When all but myself were dead, they brought me to that old abandoned stable. It was a warm day and the stable smelt of cooked meat and sweat. The straw beneath the legs of a lonely old wooden chair was stained red. The sun peered in through the broken roof as they beat me with fists and batons, calling me names and spitting in my face. Exhausted, they dragged me to the floor and placed a gun to my head. Three loud bangs rung aloud that afternoon. For a man with a gun held beside his head, you expect to only hear one. In the rafters above me, I heard pigeons flap their wings after the pin struck the barrel of each bullet. I heard the wind taunt the trees, and the worms burrowing through the ground beneath my feet. I heard everything but my silence. I opened my eyes and saw the German soldiers lay next to me, each a bullet wound in their head. I awaited the fourth gunshot with all hopes and dreams of a home, a wife and children, fading. But that gunshot never came. Tired and beaten, I got to my feet, ran quickly to the woods, and kept on going until nothing surrounded me but tress and shadows. Fifty miles from Oosterbeek, south of the main railway line to Arnhem, a passing British supply truck picked me up. It was lost and shouldn’t have been there. I always wanted to thank the driver for picking me up, but I never got his name, nor do I remember his face. “I don’t understand,” I said to him. “How did you know of Ginkel Heath?” “You forget who I am, Joe. You would have surely died in that barn had it not been for the sniper, right?” A thirst was upon me, one I slaked with the whiskey. “Do you really believe you were just lucky, Joe? And what of the man that


Paradise Lost Cont’d Short Fiction by Craig Wallworth found you, do you remember his name… his face?” I shook my head. “Think hard, Joe. Was it not the same face of the man that vacated the table in the small café, the same café where you met Mary? Is it not the same face you see before you, right now?” A shiver ran through my bones. “Don’t be alarmed, Joe. I have known you for many years before Paradise. I have a tendency to follow those I believe will add value to this earth. What I did not expect is how much you would give me in return.” He went back to the decanter, brought it over and filled my glass. Since he began talking of Ginkel Heath I had not noticed the glass had run empty. I thanked him, and he sat back down, leaving the decanter beside my feet. “I see no gain in dishonesty among friends.” With a warm smile, he asked if we should begin dinner. I replied with a nod, but quickly added, “Does this mean God will not be attending?” He sat back in the chair, a wistfulness pulling at his brow. That night I didn’t sleep well. I dreamt of a great banquet, and a table. At the head of the table sat Lucian, and all the other chairs filled with people I have known, yet could not name. I saw the man who drove the jeep, the same who rescued me. I saw my doctor, and the physician who removed the lump from my neck many months ago. I saw the man in the café, and the minister who married Mary and me. Each man shared a 17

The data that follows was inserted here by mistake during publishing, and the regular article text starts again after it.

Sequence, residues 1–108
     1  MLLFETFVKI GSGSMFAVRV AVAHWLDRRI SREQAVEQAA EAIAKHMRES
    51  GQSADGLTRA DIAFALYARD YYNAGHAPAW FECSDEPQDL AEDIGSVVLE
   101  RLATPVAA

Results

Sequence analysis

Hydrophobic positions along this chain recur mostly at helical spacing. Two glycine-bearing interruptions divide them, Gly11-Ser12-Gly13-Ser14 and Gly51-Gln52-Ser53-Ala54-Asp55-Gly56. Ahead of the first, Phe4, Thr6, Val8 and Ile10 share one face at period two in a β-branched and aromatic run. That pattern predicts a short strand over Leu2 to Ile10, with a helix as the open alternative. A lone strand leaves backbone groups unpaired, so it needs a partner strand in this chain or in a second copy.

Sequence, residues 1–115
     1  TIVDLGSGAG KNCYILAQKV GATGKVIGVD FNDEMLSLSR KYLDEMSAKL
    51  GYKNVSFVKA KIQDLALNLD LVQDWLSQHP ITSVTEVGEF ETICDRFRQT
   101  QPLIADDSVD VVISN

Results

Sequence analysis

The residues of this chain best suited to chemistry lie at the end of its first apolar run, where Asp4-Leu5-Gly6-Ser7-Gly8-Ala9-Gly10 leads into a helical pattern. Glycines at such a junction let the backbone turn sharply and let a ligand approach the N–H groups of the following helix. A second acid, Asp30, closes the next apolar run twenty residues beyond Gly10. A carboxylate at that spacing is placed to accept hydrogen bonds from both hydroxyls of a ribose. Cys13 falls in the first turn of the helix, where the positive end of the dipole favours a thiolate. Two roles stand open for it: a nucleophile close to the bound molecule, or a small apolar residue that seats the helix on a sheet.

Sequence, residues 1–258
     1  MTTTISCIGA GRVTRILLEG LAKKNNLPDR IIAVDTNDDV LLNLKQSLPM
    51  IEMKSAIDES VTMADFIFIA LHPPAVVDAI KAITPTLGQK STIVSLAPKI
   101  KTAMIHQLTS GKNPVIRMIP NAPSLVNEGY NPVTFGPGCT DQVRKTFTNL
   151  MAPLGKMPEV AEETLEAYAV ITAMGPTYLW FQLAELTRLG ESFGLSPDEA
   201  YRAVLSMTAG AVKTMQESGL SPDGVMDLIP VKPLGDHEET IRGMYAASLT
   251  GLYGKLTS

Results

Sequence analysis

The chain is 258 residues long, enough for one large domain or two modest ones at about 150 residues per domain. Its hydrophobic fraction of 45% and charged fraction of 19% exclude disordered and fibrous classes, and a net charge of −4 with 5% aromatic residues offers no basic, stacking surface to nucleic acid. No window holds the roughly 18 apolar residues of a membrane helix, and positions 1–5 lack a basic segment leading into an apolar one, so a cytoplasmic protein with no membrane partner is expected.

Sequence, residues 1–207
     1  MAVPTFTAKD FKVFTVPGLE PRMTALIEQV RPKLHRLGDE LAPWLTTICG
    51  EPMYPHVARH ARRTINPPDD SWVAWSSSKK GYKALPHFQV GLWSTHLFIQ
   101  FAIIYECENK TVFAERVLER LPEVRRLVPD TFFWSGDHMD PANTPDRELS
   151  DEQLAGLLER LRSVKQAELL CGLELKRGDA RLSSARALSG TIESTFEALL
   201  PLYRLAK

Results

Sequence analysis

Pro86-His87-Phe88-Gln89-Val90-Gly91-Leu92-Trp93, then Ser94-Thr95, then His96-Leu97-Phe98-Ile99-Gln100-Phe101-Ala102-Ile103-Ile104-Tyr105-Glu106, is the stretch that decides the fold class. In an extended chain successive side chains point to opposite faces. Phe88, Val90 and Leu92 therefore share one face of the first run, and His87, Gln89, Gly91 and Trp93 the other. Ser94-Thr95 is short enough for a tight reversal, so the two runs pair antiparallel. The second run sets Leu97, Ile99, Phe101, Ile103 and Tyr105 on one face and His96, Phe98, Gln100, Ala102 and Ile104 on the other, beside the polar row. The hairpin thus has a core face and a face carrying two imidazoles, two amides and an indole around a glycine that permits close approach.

similarity of expression, and manner, yet nether was identical. It was hard to put into words, but each man appeared to have been born from the last, sons and fathers, brothers and uncles. Lay suspended behind each of them was an arch of purest of white, like that which met me when I looked upon Paradise earlier that day. As I arrived at the table, my place set beside Lucian, each man stood and raised a glass, the whiteness behind them unfurling. I was sure, when pulled back into a short-lived consciousness, tears had dampened my pillow. The next day I woke early to say goodbye to Lucian. Outside the forest trees tussled with a cold breeze, the rooks and the wild grouse welcoming the day with hearty cheer. A fine mist skulked along the gravelled path leading to Lucian’s lodge. As it collected around my ankles, I found my steps slowing, as if the hands of a thousand ghosts were trying to stop me. Regardless, I pushed on, and though it took a longer than it should, I finally ascended the steps leading to his lodge with only a mild heaviness on my chest. I hoped at first Lucian would notice me approaching, and meet me at his door, but as I arrived, I noted all his curtains closed. I could only assume he was still resting due to the emotional strain he had undergone the previous day. As I turned back to the steps, I found a small white envelope nailed to the porch’s crosspiece, my name written on in black pen. I pulled the nail away, and removed a letter from the envelope. Inside was a set of keys with the same number of Lucian’s lodge etched into it. There was also small white card that read: Nothing is final in the world, Joe, so saying goodbye seems redundant. But I hope you will accept one more gift from me as way of thanks for your time and patience. You’ll find it back at your lodge. Your friend, Lucian. I returned to my lodge with no upset, but only a sense of excitement. I could not explain why my steps were lighter than those which I took going. The ghosts were still beneath my feet, but there was an urgency to get back, as if all I ever wanted in this world and the next would be awaiting me.

As I approached, the lodge’s warmth filled my chest, and all at once the years that held me for so long diminished. I was bound by neither pain, nor worry, reborn into a younger me, and while impossible to comprehend, I knew she was there. I knew Mary was waiting for me.